- 22,000 coffee cups are disposed of in Ireland every hour, that is 528,000 every day or 200 million a year.
- Single use coffee cups are not on Recycling List Ireland and cannot be put in the Recycling Bin.
Up to 200 million single use coffee cups are thrown away every year in Ireland, and cannot be disposed of in recycling bins. That is the message from Recycling List Ireland*, as it encourages coffee and tea lovers to reduce their use of disposable cups, and consider using a ceramic or reusable coffee cup instead.
While many disposable cups carry the recyclable logo, the actual cup is not currently recyclable in Ireland and must be disposed of in general waste. The logo refers only to the rigid plastic lids and the cardboard sleeves on some cups, which can be removed and placed for recycling.
Waste Prevention Officer with the Southern Region Waste Management Office and Recycling List Ireland’s Pauline McDonogh said
“As disposable cups are made largely from paper many people believe they can be recycled, but unfortunately this is not the case. These cup are lined with plastic polyethylene which is fused to the paper making the cups waterproof but also difficult to recycle.
“Of course single use cups are also contaminated by the drink they contained, which is yet another reason why they cannot be added to the bin of clean and dry recyclables.”
“As many as six single use coffee cups are disposed of every second in Ireland, which results in a lot of non-recycable waste in the form of 528,000 single use cups every day. Right now the only way to combat this waste is to reduce our dependency on these single use coffee cups,”explained Ms McDonogh.
“Recycling list Ireland is not suggesting however that anyone goes without their regular cuppa, but we are appealing to consumers to consider using the ceramic cup in their favourite cafe or bring along a re-useable cup for their take away. Once the reusable cup has been used more than 15 times, it is more sustainable than a disposable cup.”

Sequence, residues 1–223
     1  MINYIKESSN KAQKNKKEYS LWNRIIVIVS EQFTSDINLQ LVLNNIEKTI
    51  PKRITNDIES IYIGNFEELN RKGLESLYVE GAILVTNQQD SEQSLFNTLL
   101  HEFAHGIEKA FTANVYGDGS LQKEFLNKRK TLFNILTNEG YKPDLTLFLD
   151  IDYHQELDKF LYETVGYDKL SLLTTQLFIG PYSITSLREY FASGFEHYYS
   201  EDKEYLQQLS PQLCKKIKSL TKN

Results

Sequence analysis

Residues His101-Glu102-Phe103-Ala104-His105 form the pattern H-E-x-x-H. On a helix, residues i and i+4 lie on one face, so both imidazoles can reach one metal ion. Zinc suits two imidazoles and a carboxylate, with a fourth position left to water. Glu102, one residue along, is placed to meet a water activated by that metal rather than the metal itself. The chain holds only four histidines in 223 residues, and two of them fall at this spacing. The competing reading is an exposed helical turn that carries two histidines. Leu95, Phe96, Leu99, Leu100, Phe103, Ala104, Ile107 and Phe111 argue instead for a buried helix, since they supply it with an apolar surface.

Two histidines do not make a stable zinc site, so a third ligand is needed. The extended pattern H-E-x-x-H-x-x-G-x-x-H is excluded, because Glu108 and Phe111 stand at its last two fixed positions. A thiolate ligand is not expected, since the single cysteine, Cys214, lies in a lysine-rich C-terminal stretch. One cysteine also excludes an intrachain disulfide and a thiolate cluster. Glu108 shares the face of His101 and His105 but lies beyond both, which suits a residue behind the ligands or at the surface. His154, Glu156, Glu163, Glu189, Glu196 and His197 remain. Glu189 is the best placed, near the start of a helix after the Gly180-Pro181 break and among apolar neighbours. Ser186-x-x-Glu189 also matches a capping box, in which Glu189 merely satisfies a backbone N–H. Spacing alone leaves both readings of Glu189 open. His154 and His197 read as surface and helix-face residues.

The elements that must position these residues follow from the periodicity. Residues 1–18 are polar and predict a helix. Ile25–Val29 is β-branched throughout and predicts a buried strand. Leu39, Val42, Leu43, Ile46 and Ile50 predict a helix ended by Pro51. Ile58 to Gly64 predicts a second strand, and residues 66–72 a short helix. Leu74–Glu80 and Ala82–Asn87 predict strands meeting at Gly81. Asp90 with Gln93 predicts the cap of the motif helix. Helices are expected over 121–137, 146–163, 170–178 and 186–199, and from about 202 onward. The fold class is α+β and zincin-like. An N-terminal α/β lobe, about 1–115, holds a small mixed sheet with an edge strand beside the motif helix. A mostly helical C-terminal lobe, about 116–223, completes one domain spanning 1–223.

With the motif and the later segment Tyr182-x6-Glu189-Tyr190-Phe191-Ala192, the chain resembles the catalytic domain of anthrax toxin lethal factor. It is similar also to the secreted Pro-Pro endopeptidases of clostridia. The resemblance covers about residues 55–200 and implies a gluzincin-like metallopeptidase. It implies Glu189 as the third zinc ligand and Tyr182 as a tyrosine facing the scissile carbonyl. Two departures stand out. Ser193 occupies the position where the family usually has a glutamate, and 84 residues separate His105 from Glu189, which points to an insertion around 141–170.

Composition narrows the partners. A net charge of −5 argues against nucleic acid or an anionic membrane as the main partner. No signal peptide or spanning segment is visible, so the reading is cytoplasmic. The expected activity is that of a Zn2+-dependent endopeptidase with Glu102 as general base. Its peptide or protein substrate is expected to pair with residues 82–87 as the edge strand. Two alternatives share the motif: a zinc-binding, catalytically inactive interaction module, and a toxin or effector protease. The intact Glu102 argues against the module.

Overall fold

“It is worth noting that more than 1,000 cafés in Ireland are now giving a discount to consumers with a reusable cup so long term a reusable cup can make environmental and economical sense. Participating cafés are geo-tagged on www.consciouscup.ie,” she added.
Supporting the call for less single use cups Physicist and Assistant Professor in Science Education at University College Dublin Dr Shane Bergin said, “Since the 1950s we have made 8 billion tonnes of plastic. It is very easy and inexpensive to make plastic and to shape it into anything. It is however extremely tough to get rid of.
“Many plastics can take up to 1,000 years to breakdown, negatively impacting our natural environment. Gradual breakdown of plastics results in tiny micro plastics which in turn can be ingested by animals, and chemicals that are potentially toxic for various creatures, including humans.”
“The demand for single use plastic and cups is driven by customer demand. As customers we need to consider the effects of the convenience of a disposable cup on the environment and look to alternative ways to have our coffee and teas,” added Dr Bergin.
“Some companies have started to offer compostable cups, but it is important to note that these cups cannot be disposed of in the recycling bin either. They must instead be put in the compost bin for disposal by a professional waste collection company. These cups do not break down naturally the way an apple does for example, they only work if they are disposed of in a food waste recycling bin and processed in a commercial compost facility,” he explained.
“While plastic is the major concern, many paper cups that are disposed of in Ireland by the second are made from virgin paper pulp. Add to this the carbon footprint of coffee cup manufacturing and distribution and it is clear that disposable coffee cups have a serious impact on our environment.”
Disposable cups are not on Recycling List Ireland. For a full list of the rigid plastic, tins and cans, paper and cardboard that can go into Irish recycling bins see https://recyclinglistireland.ie.
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